1990: Buffalo 51, L.A. Raiders 3
Bills’ Super Bowl result: Lost to N.Y. Giants, 20-19.
This one was over early as Buffalo led 21-3 after one quarter on its way to an NFL playoff record 41 points in the first half. Jim Kelly threw for 300 yards, and Thurman Thomas racked up 138 of the Bills’ 202 yards rushing. Buffalo forced seven turnovers, including five Jay Schroeder interceptions.
Buffalo’s no-huddle offense watched most of Super Bowl XXV from the sidelines as the Giants rushed for 172 yards and held the ball for more than 40 minutes. Still, thanks in large part to Thomas’ 190 yards from scrimmage, the game wasn’t decided until Scott Norwood missed a 47-yard field goal with less than 10 seconds to play.
1989: San Francisco 30, L.A. Rams 3
49ers’ Super Bowl result: Beat Denver, 55-10.
The 27-point win in the NFC title game was actually the closest contest among the 49ers’ three postseason wins. After routing Minnesota (41-13), San Francisco avenged one of its two regular season losses by reeling off 30 unanswered points after falling behind 3-0 to the Rams. Joe Montana completed 26 of 30 passes for 262 yards, and the defense intercepted Jim Everett three times.
Montana earned MVP honors in Super Bowl XXIV as he threw five touchdowns in a 55-10 rout of Denver. The 49ers led 27-3 and the half and stretched the lead to 41-3 at one point. The defense held John Elway to 10-of-26 passing for 108 yards and two interceptions in handing him his third Super Bowl loss.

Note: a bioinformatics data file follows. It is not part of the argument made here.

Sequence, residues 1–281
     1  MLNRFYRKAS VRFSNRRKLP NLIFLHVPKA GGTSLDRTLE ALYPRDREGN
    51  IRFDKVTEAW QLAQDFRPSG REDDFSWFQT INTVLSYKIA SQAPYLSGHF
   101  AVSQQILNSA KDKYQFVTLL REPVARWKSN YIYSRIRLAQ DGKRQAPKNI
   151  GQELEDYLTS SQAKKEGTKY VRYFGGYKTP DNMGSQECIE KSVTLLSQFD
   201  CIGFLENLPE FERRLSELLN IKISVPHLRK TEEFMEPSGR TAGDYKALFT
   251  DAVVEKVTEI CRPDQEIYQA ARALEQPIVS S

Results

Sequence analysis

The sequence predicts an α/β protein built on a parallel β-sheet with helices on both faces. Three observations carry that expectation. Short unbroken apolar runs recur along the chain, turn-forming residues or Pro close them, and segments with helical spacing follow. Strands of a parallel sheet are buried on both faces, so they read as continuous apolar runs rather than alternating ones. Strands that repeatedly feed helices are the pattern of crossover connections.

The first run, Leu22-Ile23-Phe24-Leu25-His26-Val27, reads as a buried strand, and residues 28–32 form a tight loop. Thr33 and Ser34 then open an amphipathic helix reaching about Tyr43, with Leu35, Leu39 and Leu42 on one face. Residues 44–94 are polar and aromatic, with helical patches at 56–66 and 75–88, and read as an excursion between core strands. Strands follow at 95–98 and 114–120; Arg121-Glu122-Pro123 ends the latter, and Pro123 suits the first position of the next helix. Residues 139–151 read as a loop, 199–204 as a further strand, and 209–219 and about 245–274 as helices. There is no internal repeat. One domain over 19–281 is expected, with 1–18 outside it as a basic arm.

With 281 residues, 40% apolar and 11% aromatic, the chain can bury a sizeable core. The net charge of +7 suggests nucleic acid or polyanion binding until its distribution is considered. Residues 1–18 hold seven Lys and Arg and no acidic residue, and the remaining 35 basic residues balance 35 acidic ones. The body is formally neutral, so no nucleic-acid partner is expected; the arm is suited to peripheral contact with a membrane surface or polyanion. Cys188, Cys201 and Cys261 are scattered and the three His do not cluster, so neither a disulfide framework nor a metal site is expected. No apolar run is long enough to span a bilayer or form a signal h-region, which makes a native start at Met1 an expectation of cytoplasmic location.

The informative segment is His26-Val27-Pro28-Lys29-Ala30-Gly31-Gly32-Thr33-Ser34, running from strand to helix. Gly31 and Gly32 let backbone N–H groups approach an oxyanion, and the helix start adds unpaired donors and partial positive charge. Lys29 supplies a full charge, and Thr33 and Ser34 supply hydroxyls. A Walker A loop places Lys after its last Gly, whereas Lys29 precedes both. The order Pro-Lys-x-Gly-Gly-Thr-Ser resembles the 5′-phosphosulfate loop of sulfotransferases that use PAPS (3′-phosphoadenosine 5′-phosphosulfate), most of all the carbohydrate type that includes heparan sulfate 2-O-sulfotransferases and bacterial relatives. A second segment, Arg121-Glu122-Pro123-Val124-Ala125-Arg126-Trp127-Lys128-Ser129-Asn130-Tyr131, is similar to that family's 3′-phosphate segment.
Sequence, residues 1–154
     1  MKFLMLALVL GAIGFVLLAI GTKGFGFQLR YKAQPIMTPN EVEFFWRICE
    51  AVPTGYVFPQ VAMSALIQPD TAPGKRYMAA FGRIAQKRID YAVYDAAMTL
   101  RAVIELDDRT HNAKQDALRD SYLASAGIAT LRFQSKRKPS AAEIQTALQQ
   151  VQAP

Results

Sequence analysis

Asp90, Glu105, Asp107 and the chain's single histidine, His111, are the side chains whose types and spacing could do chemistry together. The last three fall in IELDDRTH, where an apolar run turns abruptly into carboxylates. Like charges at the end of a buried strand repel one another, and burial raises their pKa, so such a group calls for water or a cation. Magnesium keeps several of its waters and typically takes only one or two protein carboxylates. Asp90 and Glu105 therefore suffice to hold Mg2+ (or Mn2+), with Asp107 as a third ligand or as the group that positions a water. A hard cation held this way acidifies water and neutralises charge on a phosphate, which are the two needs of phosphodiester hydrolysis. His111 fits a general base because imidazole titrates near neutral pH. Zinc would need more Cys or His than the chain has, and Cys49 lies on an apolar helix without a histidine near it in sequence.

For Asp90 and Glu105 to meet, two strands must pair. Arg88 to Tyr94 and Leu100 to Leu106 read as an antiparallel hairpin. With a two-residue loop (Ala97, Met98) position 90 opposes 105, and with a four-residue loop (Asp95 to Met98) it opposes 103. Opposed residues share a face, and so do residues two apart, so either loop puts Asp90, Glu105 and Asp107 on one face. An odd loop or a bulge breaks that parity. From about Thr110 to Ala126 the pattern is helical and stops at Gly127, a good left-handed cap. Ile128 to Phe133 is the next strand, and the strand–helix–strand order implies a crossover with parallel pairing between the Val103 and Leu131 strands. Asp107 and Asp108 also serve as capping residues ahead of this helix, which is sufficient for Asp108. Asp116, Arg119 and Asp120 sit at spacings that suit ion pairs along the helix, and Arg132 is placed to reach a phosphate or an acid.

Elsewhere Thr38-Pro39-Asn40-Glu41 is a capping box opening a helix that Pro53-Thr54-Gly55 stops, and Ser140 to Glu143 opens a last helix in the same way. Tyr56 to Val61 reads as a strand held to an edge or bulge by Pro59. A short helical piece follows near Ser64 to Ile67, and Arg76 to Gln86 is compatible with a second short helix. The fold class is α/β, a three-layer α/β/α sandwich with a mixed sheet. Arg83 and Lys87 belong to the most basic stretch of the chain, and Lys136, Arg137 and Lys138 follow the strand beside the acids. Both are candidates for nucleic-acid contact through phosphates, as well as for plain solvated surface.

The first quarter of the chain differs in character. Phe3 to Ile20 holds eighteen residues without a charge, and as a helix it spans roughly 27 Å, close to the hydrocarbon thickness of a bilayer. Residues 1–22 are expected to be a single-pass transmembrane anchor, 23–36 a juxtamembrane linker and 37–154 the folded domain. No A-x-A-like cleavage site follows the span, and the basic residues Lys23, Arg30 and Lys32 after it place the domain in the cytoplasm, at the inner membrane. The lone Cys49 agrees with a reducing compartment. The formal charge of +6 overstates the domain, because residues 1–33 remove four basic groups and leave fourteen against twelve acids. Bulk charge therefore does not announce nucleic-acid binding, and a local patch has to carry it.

1988: San Francisco 28, Chicago 3
49ers’ Super Bowl result: Beat Cincinnati, 20-16.
Chicago got this far on the strength of a top-five defense and a top-five running game. When Joe Montana hit Jerry Rice twice for touchdowns early, the Bears had little hope of digging out of that hole. Rice finished with 133 yards receiving, and he was just warming up.
In Super Bowl XXIII, Rice earned MVP honors with 11 catches for 215 yards and a fourth-quarter touchdown that tied the game at 13. Cincinnati took a 16-13 lead, but Montana hit John Taylor for the winning score with 34 seconds left.
1985: Chicago 24, L.A. Rams 0
Bears’ Super Bowl result: Beat New England, 46-10
The only suspense in this one was whether or not Dieter Brock and the Rams’ 26th-ranked offense could score on the Bears. They couldn’t, and Chicago had its second shutout in as many weeks. Linebacker Wilbur Marshall’s 52-yard interception return TD was the finishing touch.
The Bears actually fell behind New England, 3-0, in Super Bowl XX, but the Pats would not score again until the fourth quarter when it was 44-3. Chicago’s defense forced six turnovers, the sixth time it forced at least five on the season.
1984: San Francisco 23, Chicago 0
49ers’ Super Bowl result: Beat Miami, 38-16.
The 49ers were second in the league in scoring, but the defense held the Bears in check until the offense got going after a 6-0 first half. San Francisco held Chicago to 37 net passing yards on the day as it sacked Steve Fuller nine times, including two each by Fred Dean, Michael Carter and Gary Johnson.
The Niners offense was more than ready for a Super Bowl matchup with the only team that out-scored it in the regular season. Joe Montana threw for 331 yards and three scores, and San Francisco rushed for 211 yards to hand Miami a 38-16 defeat in Dan Marino’s only Super Bowl.
-By John Gworek